I have a question for you… Let say, you’re in the last minute of a Jiu Jitsu match, and the score is tied. If it goes to a decision, the referee could easily pick your opponent.
What do you do?
If your answer is “I’d set up my favourite sweep”, then you’ll probably run out of time. If your answer is “I’d submit my opponent”, why haven’t you already?
Regardless of whether you’re a black belt world champion or 4 stripes white belt, anyone can give you problems for a minute. You need a reliable way to score points when it counts late in the fight.
One thing that I regularly see missing from the games of many good, technical BJJ players is explosive, points-targeted techniques for use at the end of a match to score immediately.
Technical players want to take their time and set up their points carefully, which is great— until there’s only 1 minute left in the match and you need to score to win.
In this article, I’m going to share with you some of the best ways to score late in a fight.
The first one of these techniques is the collar drag. The collar drag is a great technique for this situation because it’s so powerful, particularly against opponents who are immobile, stiff, or stalling.
But it’s also a technique that is easy to do wrong. If you do the collar drag wrong, you might easily find yourself accidentally in the bottom of side control.
The easiest way to master the collar drag is from a seated position, but once you’ve got it, it’s applicable across a whole array of situations.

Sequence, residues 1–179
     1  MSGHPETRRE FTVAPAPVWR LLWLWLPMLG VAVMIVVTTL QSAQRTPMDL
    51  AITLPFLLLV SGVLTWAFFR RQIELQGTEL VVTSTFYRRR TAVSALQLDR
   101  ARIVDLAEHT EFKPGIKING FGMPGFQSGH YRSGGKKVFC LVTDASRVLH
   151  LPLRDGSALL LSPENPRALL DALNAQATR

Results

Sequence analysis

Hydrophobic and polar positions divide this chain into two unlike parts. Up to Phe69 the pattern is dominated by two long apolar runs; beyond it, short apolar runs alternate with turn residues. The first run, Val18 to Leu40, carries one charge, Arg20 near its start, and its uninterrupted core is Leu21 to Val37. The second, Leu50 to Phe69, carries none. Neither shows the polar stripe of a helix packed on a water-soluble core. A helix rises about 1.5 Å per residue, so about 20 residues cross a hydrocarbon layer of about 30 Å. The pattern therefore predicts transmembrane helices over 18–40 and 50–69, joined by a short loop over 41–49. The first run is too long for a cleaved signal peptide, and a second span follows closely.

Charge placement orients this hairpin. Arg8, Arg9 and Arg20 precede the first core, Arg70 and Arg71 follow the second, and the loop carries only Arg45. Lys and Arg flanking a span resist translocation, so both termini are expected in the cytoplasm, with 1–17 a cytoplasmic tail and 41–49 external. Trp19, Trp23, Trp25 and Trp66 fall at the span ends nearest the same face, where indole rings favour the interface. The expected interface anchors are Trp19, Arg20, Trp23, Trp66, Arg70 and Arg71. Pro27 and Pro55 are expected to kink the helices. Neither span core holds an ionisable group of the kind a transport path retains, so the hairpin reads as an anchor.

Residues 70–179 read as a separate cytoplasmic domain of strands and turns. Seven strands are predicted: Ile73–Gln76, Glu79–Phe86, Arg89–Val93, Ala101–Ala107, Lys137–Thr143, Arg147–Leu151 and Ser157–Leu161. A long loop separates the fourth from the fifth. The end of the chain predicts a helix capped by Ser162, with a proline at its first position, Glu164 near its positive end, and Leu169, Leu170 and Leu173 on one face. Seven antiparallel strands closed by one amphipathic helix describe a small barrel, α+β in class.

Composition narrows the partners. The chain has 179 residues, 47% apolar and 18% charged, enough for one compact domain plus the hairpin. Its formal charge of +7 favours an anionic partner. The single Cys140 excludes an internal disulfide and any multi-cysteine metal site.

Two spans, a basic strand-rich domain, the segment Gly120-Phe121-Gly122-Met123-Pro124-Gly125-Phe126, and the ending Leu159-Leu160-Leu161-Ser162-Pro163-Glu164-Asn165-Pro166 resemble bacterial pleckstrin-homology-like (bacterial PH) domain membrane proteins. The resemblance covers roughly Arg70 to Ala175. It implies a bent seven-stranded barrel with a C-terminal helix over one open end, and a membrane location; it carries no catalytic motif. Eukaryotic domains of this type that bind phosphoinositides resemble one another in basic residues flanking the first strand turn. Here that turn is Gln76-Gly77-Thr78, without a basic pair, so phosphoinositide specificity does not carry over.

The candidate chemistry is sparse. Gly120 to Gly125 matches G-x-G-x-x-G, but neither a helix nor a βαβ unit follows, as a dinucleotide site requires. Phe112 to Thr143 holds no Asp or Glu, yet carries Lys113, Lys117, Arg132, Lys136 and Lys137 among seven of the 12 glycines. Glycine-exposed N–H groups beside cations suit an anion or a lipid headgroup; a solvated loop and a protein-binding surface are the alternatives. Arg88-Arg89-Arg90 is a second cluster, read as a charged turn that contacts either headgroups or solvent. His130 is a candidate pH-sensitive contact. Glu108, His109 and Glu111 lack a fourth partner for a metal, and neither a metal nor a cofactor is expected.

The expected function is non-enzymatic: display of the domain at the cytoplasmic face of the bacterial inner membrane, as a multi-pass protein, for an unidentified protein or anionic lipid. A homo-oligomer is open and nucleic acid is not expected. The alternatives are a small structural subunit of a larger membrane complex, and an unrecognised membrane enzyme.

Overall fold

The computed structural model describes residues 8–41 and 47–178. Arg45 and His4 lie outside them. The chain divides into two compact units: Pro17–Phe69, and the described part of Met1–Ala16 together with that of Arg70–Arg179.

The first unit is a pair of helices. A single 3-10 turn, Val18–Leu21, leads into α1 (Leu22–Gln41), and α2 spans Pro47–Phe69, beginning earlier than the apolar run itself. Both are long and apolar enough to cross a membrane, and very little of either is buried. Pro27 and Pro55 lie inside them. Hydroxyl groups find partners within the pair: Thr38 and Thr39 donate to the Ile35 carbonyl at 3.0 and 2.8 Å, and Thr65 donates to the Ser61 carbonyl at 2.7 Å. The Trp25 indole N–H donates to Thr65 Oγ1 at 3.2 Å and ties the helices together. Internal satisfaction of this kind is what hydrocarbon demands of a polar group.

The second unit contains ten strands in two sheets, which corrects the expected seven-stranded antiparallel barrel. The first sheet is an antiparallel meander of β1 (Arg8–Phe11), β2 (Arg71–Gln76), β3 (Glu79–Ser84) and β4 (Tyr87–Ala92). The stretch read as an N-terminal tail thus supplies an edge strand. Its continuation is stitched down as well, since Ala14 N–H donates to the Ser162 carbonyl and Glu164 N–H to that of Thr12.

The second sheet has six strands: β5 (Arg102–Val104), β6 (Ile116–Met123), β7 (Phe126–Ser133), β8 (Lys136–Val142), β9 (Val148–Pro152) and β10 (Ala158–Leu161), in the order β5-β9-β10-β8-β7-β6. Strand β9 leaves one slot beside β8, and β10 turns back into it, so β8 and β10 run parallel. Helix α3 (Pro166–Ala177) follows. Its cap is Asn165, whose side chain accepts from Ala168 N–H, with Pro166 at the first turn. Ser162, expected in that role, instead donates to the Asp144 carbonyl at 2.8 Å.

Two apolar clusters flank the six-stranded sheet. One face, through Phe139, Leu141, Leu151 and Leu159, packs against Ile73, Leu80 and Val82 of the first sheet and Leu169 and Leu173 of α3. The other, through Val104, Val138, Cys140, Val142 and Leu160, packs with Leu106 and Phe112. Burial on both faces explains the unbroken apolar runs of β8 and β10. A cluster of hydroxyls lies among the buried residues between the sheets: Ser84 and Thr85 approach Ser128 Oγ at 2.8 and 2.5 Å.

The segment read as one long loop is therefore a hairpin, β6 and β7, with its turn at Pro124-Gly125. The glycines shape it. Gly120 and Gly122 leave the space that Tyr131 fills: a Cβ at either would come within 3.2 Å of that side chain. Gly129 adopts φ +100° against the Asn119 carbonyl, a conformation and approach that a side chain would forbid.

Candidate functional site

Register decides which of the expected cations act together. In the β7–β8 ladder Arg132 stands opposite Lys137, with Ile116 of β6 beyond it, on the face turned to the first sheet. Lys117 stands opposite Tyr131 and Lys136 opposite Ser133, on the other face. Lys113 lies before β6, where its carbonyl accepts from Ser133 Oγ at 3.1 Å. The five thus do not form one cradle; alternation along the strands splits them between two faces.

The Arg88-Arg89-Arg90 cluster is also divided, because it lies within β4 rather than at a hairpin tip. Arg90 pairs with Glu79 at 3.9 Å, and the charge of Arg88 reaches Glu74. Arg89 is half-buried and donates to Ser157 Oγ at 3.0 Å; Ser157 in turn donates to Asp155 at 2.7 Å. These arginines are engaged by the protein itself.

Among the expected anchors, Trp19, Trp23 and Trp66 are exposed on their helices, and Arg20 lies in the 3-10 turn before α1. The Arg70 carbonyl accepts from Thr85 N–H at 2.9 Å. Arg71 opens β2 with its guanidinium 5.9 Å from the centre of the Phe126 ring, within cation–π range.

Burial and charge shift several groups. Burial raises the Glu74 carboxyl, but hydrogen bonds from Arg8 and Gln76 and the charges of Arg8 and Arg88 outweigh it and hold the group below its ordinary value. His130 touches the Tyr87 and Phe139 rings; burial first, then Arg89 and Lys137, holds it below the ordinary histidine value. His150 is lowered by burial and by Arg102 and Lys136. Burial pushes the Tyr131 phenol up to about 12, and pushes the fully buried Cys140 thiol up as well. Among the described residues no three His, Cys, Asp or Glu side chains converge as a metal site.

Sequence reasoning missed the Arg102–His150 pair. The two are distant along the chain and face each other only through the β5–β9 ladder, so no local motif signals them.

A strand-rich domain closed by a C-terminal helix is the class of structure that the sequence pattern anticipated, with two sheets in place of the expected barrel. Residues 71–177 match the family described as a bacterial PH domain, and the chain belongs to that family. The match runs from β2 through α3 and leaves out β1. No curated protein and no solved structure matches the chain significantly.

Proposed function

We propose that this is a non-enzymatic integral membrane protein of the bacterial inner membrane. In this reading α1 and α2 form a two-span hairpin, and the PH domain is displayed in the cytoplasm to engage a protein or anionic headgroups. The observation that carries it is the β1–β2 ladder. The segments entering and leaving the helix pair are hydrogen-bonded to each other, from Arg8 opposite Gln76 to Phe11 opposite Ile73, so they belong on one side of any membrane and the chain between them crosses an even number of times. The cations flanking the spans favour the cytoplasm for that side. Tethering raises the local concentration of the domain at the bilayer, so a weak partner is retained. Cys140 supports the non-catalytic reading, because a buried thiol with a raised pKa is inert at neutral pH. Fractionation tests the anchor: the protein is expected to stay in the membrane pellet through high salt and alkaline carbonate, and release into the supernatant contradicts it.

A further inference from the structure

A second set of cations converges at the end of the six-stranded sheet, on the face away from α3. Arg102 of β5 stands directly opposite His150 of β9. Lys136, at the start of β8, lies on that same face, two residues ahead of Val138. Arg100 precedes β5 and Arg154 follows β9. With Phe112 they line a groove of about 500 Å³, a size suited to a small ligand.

To learn the power of the collar drag the watch videos below now:
Technique #1: The Basic Collar Drag
Technique #2: Collar Drag Against A Standing Opponent
Technique #3: Collar Drag From Standing
It’s easy to get tired when you’re fighting a skilled guard player that frustrates your every move. When you get tired (like at the end of a match), kneeling and taking a break can seem like a good idea.
However, kneeling will give your opponent a great opportunity to score with something like the collar drag or ankle pick.
The ankle pick is like the yin to the collar drag’s yang. If you start with one technique your opponent’s reaction will set up the other.
Late in a match, the ankle pick and collar drag combination is a great way to score some fast points. Check out the videos below to learn two variations of the ankle pick:
Technique #4: The Basic Ankle Pick
Technique #5: Ankle Pick Against Kneeling Opponent
One of the most common questions people have is about the “technique” of the ankle pick — but there isn’t a whole lot of technique involved.
The ankle pick is more about recognising a lull in your opponents passing momentum and bowling them over with your hands, arms, shoulders, face, or whatever else is handy.
Getting the technique right for the ankle pick is easy, but the timing can be hard. Like the collar drag, the only way to get good at the ankle pick is to pressure test it in sparring over and over again.
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